Advent Candle Liturgy, Hope, 2022

As we begin this season of Advent with the candle of hope we affirm our trust in these Beatitudes for the hopeful:

Blessed are those who wait silently with the hopeless.

Blessed are the patient who model peace for all around them.

Blessed are those who are ridiculed for their unrealistic optimism.

Blessed are those who simply light up the space they inhabit.

Blessed are those surrounded by the deep darkness of grief.  They will be comforted.  

Blessed are those who shine through a faith undimmed by human tears.

Blessed are those who face the truth of human evil but will not give up the dream of God’s peaceable kingdom.

Blessed are those who can sit peacefully in the darkness and wait for the dawn.

Blessed are the wise ones who have walked in deep darkness but also know the joy of emerging into the light.  

Blessed are the hopeful, for they are brave enough to be light for a world drowning in darkness.

Please pray with me as we again light the candle of hope.

O Holy One, we pray today that we may not be distracted by the personal and cultural chaos around us.  Help us pay attention to what is true and just.  Even as one way of being in the world is ending, help us to cling to our hope, not for a return to the way things were pre-Covid or pre-Ukraine, but to a new world emerging from the ashes of the old.  Speak to us again the truth that endurance through dark times produces character and hope that allows us to never be weary in doing what is right.  Send your Holy Spirit upon us today that we can be a community of faith that disrupts the broken world with hopefulness.  Make us a community of  hope where we resuscitate each other when our faith is running low.  Remind us that we are called to be a movement of hope, even as institutions, denominations, and individual leaders come and go.  Give us hope to wait upon you when we are weary, to rest but not give up.  Please, Holy God, renew our strength and raise us up on eagles’ wings to be a resurrected and dynamic movement that draws us and others ever closer to the way, truth, and life as followers of Jesus.  Amen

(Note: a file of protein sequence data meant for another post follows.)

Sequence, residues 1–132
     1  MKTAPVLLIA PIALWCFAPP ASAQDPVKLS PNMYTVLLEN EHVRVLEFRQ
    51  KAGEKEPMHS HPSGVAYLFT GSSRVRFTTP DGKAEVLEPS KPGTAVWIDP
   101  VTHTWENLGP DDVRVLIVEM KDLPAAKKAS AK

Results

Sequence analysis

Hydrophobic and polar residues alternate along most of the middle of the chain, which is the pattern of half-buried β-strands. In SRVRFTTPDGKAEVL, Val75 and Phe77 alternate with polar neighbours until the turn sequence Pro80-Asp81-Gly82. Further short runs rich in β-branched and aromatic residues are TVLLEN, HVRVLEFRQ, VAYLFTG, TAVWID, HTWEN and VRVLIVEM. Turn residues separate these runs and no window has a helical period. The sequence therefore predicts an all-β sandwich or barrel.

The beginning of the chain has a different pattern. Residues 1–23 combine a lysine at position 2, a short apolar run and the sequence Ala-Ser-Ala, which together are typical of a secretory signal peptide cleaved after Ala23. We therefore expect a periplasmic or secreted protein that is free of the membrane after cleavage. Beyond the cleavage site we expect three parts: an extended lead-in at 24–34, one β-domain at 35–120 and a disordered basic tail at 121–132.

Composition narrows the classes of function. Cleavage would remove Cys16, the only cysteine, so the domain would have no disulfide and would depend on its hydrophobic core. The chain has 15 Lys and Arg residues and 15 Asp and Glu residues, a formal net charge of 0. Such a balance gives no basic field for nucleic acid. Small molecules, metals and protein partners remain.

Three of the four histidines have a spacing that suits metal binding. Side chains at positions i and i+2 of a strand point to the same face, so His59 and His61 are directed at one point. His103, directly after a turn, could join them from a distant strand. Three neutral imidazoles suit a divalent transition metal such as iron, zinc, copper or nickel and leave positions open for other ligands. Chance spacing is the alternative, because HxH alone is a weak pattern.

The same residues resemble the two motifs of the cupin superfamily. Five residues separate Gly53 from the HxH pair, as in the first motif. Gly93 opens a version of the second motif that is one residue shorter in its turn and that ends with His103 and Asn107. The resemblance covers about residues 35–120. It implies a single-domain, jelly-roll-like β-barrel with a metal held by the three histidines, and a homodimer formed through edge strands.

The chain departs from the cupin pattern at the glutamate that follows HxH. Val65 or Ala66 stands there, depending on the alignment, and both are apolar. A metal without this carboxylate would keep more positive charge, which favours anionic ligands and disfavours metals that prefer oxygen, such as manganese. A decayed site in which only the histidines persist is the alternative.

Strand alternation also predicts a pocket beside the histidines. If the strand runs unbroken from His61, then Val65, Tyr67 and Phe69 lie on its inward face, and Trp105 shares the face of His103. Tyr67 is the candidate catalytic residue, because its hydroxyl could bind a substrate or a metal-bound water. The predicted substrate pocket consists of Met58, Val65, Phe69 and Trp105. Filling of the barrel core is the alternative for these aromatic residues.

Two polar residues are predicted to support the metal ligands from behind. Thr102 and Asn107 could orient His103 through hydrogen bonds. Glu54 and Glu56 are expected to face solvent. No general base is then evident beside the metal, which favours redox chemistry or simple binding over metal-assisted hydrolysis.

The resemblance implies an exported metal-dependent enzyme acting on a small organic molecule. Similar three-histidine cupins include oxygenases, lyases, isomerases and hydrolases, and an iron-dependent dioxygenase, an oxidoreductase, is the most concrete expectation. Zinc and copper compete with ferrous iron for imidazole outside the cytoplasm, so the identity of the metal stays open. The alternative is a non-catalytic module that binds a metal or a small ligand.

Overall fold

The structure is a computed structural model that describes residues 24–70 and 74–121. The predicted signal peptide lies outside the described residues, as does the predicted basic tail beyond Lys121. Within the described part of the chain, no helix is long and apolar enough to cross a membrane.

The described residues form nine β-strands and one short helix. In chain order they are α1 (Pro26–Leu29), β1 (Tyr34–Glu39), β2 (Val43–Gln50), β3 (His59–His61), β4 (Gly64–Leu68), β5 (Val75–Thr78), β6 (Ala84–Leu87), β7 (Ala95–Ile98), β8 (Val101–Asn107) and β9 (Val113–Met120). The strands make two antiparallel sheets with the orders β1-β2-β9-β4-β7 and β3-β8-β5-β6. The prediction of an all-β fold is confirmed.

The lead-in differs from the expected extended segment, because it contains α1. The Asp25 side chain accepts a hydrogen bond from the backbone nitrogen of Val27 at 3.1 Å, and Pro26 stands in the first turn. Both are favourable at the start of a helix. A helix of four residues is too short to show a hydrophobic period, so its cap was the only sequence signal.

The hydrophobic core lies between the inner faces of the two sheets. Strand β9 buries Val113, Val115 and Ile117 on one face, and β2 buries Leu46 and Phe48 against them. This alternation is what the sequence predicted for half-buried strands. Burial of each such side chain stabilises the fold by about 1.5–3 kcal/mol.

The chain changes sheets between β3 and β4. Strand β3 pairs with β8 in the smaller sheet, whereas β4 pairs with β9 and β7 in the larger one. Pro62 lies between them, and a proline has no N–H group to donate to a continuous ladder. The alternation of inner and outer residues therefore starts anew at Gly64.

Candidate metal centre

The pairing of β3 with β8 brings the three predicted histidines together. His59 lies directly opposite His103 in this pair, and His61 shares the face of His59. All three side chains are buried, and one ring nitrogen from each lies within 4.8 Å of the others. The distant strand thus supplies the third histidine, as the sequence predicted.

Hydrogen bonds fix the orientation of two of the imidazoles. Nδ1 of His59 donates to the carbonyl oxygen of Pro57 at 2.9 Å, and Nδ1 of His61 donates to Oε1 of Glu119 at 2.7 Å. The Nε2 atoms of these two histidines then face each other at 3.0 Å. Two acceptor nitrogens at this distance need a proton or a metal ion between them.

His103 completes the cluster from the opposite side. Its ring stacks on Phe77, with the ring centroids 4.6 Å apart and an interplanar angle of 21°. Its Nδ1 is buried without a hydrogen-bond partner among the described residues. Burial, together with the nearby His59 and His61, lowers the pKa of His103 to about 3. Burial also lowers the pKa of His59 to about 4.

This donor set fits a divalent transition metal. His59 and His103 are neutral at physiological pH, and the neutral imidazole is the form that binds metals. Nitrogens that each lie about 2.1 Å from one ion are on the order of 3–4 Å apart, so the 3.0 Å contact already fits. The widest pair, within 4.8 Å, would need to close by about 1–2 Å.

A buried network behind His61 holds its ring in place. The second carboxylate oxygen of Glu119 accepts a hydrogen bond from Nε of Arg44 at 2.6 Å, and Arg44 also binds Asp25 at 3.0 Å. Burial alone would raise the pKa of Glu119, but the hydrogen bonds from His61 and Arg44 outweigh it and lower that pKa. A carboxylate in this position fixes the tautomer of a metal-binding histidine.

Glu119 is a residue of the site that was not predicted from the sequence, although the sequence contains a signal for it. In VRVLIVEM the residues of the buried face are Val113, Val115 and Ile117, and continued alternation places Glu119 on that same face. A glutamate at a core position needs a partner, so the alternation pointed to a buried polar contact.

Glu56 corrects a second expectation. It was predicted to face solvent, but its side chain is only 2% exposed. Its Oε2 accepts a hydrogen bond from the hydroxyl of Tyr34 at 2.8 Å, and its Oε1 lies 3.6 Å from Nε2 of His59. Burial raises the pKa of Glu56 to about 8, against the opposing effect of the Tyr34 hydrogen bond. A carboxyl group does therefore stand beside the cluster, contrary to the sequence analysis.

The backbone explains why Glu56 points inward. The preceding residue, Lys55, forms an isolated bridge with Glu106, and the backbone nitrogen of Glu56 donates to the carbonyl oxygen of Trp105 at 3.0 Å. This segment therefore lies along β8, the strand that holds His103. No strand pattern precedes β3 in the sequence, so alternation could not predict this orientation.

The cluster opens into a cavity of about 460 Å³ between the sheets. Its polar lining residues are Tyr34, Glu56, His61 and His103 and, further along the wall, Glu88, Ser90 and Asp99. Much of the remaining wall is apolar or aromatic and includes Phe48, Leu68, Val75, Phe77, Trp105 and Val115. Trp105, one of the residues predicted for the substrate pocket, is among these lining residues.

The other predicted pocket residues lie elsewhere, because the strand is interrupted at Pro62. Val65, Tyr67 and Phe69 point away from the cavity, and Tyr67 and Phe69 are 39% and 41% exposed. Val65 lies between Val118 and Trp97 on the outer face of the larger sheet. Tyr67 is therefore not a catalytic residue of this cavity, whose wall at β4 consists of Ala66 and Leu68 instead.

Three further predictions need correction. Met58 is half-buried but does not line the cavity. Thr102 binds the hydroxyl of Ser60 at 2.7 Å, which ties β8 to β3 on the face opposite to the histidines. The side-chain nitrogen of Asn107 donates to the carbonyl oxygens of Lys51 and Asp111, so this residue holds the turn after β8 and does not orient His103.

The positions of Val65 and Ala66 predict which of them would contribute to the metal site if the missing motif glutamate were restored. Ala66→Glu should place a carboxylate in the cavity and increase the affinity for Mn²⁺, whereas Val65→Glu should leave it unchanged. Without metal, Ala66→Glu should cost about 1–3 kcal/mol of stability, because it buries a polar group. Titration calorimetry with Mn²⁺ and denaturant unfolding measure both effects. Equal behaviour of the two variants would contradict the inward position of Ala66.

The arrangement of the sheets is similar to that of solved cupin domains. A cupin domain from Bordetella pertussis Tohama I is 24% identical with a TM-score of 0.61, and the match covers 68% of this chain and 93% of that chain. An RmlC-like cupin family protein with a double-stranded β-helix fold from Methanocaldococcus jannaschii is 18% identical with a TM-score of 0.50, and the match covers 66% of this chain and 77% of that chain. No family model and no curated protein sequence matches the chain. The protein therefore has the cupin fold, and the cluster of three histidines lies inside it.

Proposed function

Northwest UMC, Columbus, OH, November 27, 2022

Thanksgiving/Advent Prayer

O merciful God, as we worship on this pivotal day between Thanksgiving and Advent give us faith to wrestle with the hard truth that so much of our American pursuit of happiness is based on one of the seven deadly sins, namely greed.  Nowhere is that tension between Jesus’ values and our culture’s more obvious than this time of year where we devote just one day to celebrating gratitude for what we have in the midst of the biggest season of consumerism that begins earlier every year. .

Jesus said it as plainly and clearly as possible in the Sermon on the Mount. “You can’t serve God and money.” It’s a simple either/or, and yet we are still trying our best to prove Jesus wrong.

Choices about our basic human and cultural values are hard because they are so important, and in this case Jesus is a prohibitive underdog. He is up against a multibillion dollar advertising industry telling us 24/7 that we are what we wear, drive, live in, and how we look. Our consumer goods are made to be obsolete sooner rather than later so we will fill the landfills with last year’s gadgets. 

The choice between your way, Holy God, and humanity’s foolish pursuits is what Joshua addressed the Hebrew people about centuries ago on their long journey to the Promised Land. When they were tempted to worship other gods Joshua said, “If  serving the Lord seems undesirable to you, then choose for yourselves this day whom you will serve. But as for me and my household, we will serve the Lord.”